Because Mother Leaped with Faith

Soe Tha - Ecuador


February 3, 2014

Anyone in the United States who´s ever written a college essay knows the “my parent is an immigrant” story. We kids of immigrant parents write to colleges for acceptance because our parents left their homelands, because they’ve busted their tails, because they want us to have better futures. I did it. My peers did it. This year’s applicants did it.

If we can write about their struggles in a college essay to better our chances of acceptance, why can’t we REALLY appreciate them? How are we supposed to appreciate them anyways? How are we supposed to worry ourselves with understanding the hardships they went through when we have our own problems to worry about: APs, ACTs, SATs, sports trophies, the latest iPhone, parties, sex, weed, alcohol, the cutest shoes, snapbacks & tattoos…

We tend to forget to appreciate and respect our parents because superficial things cloud our visions and media wash our brains by idolizing rebellious, pregnant teens and chaotic adults. Monkey see, monkey do until we’re only worrying about twerking, booze, college acceptance, and Snooki while neglecting our family.

In high school, I was an ungrateful brat. I worried only about test scores, class grades, friends, boys, and parties. I was desperate to be smart, cool, popular, toned, and funny. I neglected my mother and failed to appreciate her. It’s not that I didn’t know she is an immigrant. I knew she left her home, family, friends, and me because things in Burma were going bad. Because my future didn’t include a diploma, a job, nor a house.

But I ONLY saw her as an immigrant who couldn’t speak English well, who didn’t know how things functioned in the United States, who thought premarital sex is the worst thing possible. That’s why it was easier for me to write a pretentious praise about her to a college rather than tell her I love her. I didn’t understand what she went through.

I arrived to Pano on September 23, 2013. Pano is a community in the Napo region of the Ecuadorian Amazon jungle. People say community, but it´s a village. “Community sounds better,” says Carlos Andy, my host father, the vice president of Pano. There is ONE concrete road that runs through Pano which is a result of President Rafael Correa’s Patria Campaign. Patria means homeland, and by building this road, Correa opened this village to the rest of the homeland. To the bare eye, this would make the people in the village happy as they’ve ever been. FALSE.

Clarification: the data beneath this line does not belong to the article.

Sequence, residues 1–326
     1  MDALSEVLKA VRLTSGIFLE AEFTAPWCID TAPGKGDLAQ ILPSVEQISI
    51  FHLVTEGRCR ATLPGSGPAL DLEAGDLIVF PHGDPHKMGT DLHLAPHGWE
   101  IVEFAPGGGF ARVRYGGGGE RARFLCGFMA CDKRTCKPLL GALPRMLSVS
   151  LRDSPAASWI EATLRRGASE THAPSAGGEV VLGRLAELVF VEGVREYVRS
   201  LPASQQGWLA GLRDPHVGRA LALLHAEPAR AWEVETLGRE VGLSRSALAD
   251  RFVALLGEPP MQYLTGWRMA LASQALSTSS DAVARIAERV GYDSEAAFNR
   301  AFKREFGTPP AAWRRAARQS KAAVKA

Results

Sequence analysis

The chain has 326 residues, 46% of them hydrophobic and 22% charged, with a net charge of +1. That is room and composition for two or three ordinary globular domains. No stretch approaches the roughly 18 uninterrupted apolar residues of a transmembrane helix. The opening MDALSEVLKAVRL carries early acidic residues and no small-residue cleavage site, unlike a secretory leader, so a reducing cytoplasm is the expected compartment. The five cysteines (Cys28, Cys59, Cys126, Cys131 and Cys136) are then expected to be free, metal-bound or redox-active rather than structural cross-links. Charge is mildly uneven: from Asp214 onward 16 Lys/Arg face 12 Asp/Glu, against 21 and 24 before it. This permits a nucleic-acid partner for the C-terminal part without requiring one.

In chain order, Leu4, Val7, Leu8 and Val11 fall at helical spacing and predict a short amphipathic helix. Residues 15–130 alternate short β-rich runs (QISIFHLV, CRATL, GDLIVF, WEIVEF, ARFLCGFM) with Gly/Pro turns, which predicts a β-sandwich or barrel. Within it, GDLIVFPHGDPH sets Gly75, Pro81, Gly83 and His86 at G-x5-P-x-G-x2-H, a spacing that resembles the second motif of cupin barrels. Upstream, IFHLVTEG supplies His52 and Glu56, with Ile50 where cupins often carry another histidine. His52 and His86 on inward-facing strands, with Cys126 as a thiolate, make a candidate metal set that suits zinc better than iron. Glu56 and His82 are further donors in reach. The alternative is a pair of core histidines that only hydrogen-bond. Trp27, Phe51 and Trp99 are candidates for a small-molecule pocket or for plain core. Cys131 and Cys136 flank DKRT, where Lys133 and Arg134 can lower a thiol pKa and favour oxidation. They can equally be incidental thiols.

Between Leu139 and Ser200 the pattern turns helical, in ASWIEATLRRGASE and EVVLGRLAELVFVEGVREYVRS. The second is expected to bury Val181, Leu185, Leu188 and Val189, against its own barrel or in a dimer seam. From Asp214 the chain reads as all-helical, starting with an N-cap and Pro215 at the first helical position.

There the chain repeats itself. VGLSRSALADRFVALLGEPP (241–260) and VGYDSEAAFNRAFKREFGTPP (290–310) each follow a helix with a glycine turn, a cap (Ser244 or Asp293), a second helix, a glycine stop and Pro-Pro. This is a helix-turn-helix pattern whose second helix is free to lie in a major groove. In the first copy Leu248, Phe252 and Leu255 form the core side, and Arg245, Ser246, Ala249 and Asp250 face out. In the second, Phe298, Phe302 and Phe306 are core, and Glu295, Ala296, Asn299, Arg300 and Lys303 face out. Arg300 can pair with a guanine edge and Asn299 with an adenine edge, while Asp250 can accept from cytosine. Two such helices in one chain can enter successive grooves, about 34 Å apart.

The peoples of the Amazon jungle have been isolated from the rest of the country before, and there still remain peoples who choose to isolate themselves. Just four years ago, one would be surprised that there is a prosperous and beautiful city such as Tena in Napo. And now the door has been opened, and years and years of isolation are penetrated by unfamiliar faces going in and out. So now imagine me, a Chinese-looking American with a duffel bag and a back pack, walking into their village. Things are bound to happen.

Yes, you can never make a general statement about a group of people, but the people of Pano are generally good-hearted people. And yes, I have had beautiful experiences while here in Pano. But in the past 3 and half months that I’ve been here, however, there has also been harassment, which ranged from catcalls and screams of “china cochina” (dirty Chinese); there have been confrontations; and there have been lots of tears. People talking in front of me about me and what I do in Kichwa, the language of the natives of Pano and many other indigenous peoples of Latin America. People making fun of my Spanish, my “chinky” eyes, and my changotas (big thighs). I mean, why sugar coat it? I was angry and explosive, hating Pano and wanting to return to California. Oh I was mad, and as a result, I bit and snapped.

Until one day, tired and frustrated with how I was acting and feeling, I decided to call home to hear how things are going, just to give myself a taste of home. My mother picked up the phone at five in the morning, and she knew instantly that I was not feeling well. She asked if I was okay. I took a deep breath… and broke down. She has witnessed me cry this hysterically before ONCE, in freshman year when I received an F while I was on my period. Not the business.

Four years later, her daughter cries about how mad, angry, and frustrated she is. We talked on the phone for two hours about life: hers, mine, the troubles, the people, the pain, and the joy. Suddenly I saw my mother more than just an immigrant. I saw her as a person who is just like me, who has gone through what I’m going through but ten times worse. When she arrived to the United States, she was a 36-year-old woman without English and without family in a strange country. I have 18 years of age, three years of Spanish, and an experience of living in Ecuador for five weeks when I was 16.

My view of my mother is changing. She is still an immigrant, but now she has so many more things about her. She’s strong and tough, but she can also be vulnerable and sad. I relate to her, and I respect her. I learned to appreciate her when I began experiencing the things she went through, when I stopped worrying about artificial things as I did before.

I hope you guys use my experience to just stop worrying about your AP score or why he or she isn’t texting you back. Use my experience to take a second look at the people around you and to try to see them from different points of view. And if you’re neglecting your parents, get yourself together and straighten up. See where they’re coming from. It’ll make your and their life easier if you can see through more eyes than just your own.

Soe Tha